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post #1 of 11 Old 12-25-2012, 01:00 AM - Thread Starter
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Are there certain settings that are best for break in? Or should I just leave all the screen settings "stock" for the first 150-200 hours?
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post #2 of 11 Old 12-25-2012, 07:41 AM
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Quote:
Originally Posted by kctay View Post

Are there certain settings that are best for break in? Or should I just leave all the screen settings "stock" for the first 150-200 hours?

It depends on exactly why you're "breaking it in", and what kind of aging procedure you're going to be using.

Are you going to get it ISF Calibrated soon?

Or are you just scared of getting IR/Burn-In?

What brand/model is the TV?

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post #3 of 11 Old 12-25-2012, 07:51 AM - Thread Starter
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I thought the break in period was 150-200 hours, and there were certain things you should and shouldn't do to avoid IR. Probably won't ever get my VT50 professionally calibrated. And yes, my main concern is burn-in / IR. I know things like avoiding movies, or tv viewing with black bars, but should I avoid anything else? Avoid gaming?

What really bothers me is about every channel anymore has to have their name in the lower right of the screen while you watch the particular channel. How long can an image be there before you start to get IR?

Sorry for the newbie questions but.....well....I am a noob. Merry Christmas!
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post #4 of 11 Old 12-25-2012, 09:10 AM
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Yea I am curious about this too as I am getting a plasma tomorrow and it will be my first
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post #5 of 11 Old 12-25-2012, 10:26 AM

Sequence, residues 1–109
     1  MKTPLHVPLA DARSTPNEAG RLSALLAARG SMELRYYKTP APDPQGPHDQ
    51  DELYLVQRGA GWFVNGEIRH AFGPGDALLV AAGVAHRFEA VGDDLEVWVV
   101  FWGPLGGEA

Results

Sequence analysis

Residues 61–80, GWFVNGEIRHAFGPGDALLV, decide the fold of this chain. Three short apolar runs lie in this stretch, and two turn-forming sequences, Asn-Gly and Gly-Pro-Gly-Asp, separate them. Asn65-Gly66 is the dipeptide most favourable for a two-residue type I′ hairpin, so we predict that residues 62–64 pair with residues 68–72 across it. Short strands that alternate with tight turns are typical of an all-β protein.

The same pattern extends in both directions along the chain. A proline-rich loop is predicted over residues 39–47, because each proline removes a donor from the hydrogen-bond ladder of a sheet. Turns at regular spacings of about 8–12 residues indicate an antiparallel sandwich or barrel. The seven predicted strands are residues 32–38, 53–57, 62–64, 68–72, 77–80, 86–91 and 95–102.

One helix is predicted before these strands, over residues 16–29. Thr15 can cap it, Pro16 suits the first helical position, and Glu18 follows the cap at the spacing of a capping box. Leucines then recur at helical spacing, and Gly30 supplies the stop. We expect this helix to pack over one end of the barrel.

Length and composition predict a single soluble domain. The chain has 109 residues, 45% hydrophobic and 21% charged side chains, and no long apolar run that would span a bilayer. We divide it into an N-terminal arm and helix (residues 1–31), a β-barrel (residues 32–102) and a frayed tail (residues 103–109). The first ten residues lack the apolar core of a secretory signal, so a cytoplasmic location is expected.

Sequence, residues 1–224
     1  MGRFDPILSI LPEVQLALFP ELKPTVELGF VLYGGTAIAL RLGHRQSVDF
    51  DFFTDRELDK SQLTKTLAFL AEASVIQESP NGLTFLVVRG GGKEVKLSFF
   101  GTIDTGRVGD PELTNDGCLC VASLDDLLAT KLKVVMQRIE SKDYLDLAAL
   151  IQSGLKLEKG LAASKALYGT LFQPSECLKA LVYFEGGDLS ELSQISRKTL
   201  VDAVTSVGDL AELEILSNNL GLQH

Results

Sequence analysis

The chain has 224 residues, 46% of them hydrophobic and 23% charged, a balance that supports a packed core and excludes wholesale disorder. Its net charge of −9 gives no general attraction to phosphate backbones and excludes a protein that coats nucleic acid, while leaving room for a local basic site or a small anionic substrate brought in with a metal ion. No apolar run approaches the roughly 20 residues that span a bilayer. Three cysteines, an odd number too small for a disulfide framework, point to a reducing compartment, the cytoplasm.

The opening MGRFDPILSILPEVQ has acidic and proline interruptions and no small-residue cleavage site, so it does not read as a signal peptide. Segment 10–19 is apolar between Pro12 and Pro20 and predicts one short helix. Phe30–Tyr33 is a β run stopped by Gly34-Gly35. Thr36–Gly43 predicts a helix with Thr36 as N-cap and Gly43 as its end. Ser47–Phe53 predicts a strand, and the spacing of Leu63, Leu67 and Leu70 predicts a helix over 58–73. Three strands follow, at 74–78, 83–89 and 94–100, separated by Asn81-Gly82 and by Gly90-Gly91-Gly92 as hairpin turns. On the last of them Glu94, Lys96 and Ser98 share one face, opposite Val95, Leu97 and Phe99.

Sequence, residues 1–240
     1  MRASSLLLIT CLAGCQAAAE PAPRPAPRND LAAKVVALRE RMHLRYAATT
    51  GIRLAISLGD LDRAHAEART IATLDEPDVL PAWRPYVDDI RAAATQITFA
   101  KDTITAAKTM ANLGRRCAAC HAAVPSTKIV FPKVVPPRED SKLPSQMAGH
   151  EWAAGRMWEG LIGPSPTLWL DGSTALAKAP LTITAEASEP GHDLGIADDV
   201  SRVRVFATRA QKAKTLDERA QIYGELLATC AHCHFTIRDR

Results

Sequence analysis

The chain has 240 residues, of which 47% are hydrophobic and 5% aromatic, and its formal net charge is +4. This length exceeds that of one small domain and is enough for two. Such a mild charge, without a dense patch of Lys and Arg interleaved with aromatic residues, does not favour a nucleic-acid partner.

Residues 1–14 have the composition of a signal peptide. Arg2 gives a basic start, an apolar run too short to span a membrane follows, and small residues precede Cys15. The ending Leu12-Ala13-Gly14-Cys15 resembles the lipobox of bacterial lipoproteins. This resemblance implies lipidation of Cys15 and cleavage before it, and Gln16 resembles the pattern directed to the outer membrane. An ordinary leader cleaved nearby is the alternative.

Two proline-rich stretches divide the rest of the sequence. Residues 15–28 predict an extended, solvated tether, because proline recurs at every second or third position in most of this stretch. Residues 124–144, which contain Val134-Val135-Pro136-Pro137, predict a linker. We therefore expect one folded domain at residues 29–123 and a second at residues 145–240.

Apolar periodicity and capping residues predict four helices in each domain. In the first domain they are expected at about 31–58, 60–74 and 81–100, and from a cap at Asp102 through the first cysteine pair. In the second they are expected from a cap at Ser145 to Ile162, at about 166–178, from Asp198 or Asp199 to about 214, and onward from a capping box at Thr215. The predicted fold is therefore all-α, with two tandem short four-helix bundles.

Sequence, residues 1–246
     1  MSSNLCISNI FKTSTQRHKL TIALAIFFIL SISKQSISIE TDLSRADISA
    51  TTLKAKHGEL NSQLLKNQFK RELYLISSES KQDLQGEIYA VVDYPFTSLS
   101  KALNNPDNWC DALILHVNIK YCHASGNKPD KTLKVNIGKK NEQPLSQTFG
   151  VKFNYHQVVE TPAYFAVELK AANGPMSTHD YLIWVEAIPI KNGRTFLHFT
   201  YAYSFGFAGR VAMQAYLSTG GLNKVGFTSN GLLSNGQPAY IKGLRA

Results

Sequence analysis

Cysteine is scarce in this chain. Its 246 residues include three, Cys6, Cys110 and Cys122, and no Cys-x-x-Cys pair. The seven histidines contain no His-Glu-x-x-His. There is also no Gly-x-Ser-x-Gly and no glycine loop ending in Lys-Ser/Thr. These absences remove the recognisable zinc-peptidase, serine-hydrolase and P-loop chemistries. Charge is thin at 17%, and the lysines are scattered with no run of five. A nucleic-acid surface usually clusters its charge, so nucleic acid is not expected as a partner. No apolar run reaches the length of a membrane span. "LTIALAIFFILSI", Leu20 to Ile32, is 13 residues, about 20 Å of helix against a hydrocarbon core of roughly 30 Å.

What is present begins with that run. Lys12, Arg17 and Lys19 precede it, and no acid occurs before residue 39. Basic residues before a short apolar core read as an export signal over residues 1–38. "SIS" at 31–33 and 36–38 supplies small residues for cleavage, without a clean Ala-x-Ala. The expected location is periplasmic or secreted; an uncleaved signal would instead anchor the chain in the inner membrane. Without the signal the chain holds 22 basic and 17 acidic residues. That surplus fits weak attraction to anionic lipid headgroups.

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Quote:
Originally Posted by kctay View Post

I thought the break in period was 150-200 hours, and there were certain things you should and shouldn't do to avoid IR. And yes, my main concern is burn-in / IR. I know things like avoiding movies, or tv viewing with black bars, but should I avoid anything else? Avoid gaming?

According to experienced ISF Calibrators, breaking the TV in won't reduce the chance of the panel getting IR or Burn In. Since you're not having the TV ISF Calibrated, it doesn't really matter if you run some sort of "break in" procedure or not. Whether you run Evangelo's "break in" slides or display various HD wallpaper images or just watch various content, the panel will settle in all on it's own during the first 100-200 hours or so, sometimes longer. Lots of us don't do any sort of break in and we watch letterbox movies and sports and news as soon as we set up the TV and don't have any IR problems.

If you "break in" using the slides, just put the TV into Custom mode and use the factory default picture settings and set the Slideshow speed to Slow and after 100 hours of this the panel should be fully settled in (per D-Nice's method).

If you "break in" using regular content, i'd just use somewhat subdued Contrast setting (maybe 70%?) in Custom or THX or Cinema mode and watch it normally for a few hundred hours.

Basically this eventually stabilizes the panel so that your picture settings adjustments stick. The gamma and gray scale changes during the first 100-200 hours so any initial picture adjustments you do will change a little while the panel is settling in so the final picture adjustments should be done after this period.

Quote:
How long can an image be there before you start to get IR?

That seems to vary widely from panel to panel. Some of us can watch the same news and sports channels and even game for hours and hours and any Logo/HUD IR we get is very temporary and goes away within seconds or minutes after switching to other content, while other people's IR stays for much much longer. Some people here get stubborn IR just from having the settings menu up on the screen for several minutes while the rest of us have no such issue. Maybe i'm lucky, or maybe other people are unlucky.

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post #6 of 11 Old 12-27-2012, 12:29 AM
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Quote:
Originally Posted by RandyWalters View Post

According to experienced ISF Calibrators, breaking the TV in won't reduce the chance of the panel getting IR or Burn In.
Agreed . . . but it does help 'age' each pixel . . .
Quote:
Originally Posted by RandyWalters View Post